Wednesday, January 22, 2014

A Taste Of Things To Come

Biology concepts – gustation, taste papilla, evolution, defense

The miracle berry is the fruit of the Richadella dulcifica bush
from West Africa. The plant also goes by the name Synsepalum
dulcificum. Why it would have two scientific names, I have
no idea. It has been chewed before meals in Africa for
hundreds of years. Now we have flavor-tripping parties
in the US to have fun with its properties.
Miraculin, what a great name for a protein! Of course, with a name like that it better do something pretty special. Miraculin is the active molecule in the Miracle Fruit, the favorite classroom activity of middle school science and high school biology classes everywhere. The Miracle Berry is the common name for the fruit of the West African plant, Richadella dulcifica.

For those of you who haven’t done this in class, here’s what happens. You eat the berry, and then try a slice of lemon. It tastes sweet! But the berry didn’t taste sweet when you ate it. Try a sour patch kid candy – it tastes sweet too! The effect lasts about an hour and it feels weird; your brain expects one thing yet experiences another – it’s like an optical illusion for your mouth. Biologically, this is a lot of chemistry just for taste. You get the sugar, protein, fat, or salt from what you eat whether you taste them or not, so is it important to taste things?

It must be important to taste things, or else we wouldn’t do it. Gustatory sensation is more than just a little complicated at the cellular and molecular levels, so it must play an important role in the survival and evolution of many species, otherwise it wouldn't be worth the costs.

We see things to find food, avoid predators, or find mates. We hear things to localize predators/prey or to find our kin when we can’t see them.  Smell is central for communication amongst species (pheromones) and for sensing danger (like smoke). But these examples describe gaining information at a distance, and are important for communication and safety. Does gustation fit into any of these categories?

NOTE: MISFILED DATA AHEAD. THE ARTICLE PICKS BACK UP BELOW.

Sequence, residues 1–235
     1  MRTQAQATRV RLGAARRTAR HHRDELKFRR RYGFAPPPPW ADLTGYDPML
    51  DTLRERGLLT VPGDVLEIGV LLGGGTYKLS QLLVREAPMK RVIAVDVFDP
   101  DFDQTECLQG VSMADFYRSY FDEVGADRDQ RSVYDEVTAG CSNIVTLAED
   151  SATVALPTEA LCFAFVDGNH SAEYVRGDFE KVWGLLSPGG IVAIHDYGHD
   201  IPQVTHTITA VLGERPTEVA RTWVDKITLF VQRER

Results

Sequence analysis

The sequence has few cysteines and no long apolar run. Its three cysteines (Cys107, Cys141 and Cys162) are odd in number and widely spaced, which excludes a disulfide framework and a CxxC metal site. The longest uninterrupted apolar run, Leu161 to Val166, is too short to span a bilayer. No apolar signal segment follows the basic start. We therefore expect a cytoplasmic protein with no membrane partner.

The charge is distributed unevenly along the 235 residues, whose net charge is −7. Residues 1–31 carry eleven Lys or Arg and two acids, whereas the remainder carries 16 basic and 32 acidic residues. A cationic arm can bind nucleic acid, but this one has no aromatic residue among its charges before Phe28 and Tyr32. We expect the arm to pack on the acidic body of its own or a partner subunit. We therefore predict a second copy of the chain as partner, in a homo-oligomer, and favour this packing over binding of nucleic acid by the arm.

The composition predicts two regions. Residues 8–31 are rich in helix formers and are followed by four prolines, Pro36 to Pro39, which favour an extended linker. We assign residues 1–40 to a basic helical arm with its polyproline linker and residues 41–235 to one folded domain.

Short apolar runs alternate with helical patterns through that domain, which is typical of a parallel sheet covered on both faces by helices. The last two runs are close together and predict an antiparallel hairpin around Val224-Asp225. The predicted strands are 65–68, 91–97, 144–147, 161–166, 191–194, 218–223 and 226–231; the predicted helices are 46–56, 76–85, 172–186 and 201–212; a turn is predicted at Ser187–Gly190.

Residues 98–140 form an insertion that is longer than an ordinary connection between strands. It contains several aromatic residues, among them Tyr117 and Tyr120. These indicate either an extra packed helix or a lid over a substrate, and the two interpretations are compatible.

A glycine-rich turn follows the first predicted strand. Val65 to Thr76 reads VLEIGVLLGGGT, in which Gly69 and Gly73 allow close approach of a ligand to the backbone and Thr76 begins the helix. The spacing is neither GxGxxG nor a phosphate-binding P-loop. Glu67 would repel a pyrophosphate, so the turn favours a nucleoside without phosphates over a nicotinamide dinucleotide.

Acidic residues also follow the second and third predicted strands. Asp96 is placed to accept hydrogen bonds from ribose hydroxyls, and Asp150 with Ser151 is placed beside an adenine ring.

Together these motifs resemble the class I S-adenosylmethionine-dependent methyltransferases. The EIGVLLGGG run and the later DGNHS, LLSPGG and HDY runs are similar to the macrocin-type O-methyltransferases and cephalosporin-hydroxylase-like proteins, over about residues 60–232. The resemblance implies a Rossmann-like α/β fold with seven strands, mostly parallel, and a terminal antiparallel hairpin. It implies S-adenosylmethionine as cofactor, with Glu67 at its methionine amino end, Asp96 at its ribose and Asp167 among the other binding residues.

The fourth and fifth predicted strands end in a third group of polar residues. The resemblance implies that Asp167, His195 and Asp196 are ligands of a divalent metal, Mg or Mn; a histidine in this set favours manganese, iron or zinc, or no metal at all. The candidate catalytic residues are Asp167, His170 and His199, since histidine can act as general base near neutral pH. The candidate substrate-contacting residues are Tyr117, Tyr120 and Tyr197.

Tasting something can’t be done from a distance – humans have to stick the target in their mouths – so what’s the big deal? It’s important because your brain is asking the question, “Should I swallow what’s in my mouth?" "Is this O.K., or is it going to kill me?”

Evolution has honed our brains to crave those things we need and spit out those that will do us harm. Sweet foods translate as energy – your brain says, “Eat this, it has carbohydrates – you need those.” What would be the best way for your brain to convince you to eat what is good for you? It bribes you with a pleasant payoff; we perceive it as tasting good, and we want more.

The olfactory neurons stick through the cribiform plate
in the nasal cavity. These neurons are raw nerve endings,
with receptors for different molecules. As such, they are
the only place where your central nervous system comes
into direct contact with the outside world, and they have
more receptor diversity than any other part of the body.
Just think of how many different smells you can recognize.
There aren’t that many receptors; different combinations
give you different odors.
On the other hand, babies don’t like sour or bitter. In terms of evolution and survival, nature is telling us to stay away from these tastes. Plants that make toxic chemicals are often bitter, so our primitive brain tells us that bitter = poison.

Rotting foods are acidic; acids are often the by-products of contaminating bacteria and fungi. Therefore, our old brain tells us to stay away from sour (acidic) foods. The gustatory sense is definitely protective. As humans, we can use our large brains to evaluate other cues as to food safety, so we can learn to like bitter and sour tastes; most animals just go with what Mother Nature tells them.

Gustation is a direct chemosensory process. Molecules to be tasted must come into direct contact with the sensors (receptors) in the mouth. This is similar to your sense of smell, but with one distinction; the chemicals you smell are volatilized in the air. For example, you don’t smell a rose by sticking it up your nose, the rose scent molecules traveling in the air from the flower to your olfactory receptors high in your nasal cavity. Smell is distance chemo-sensing.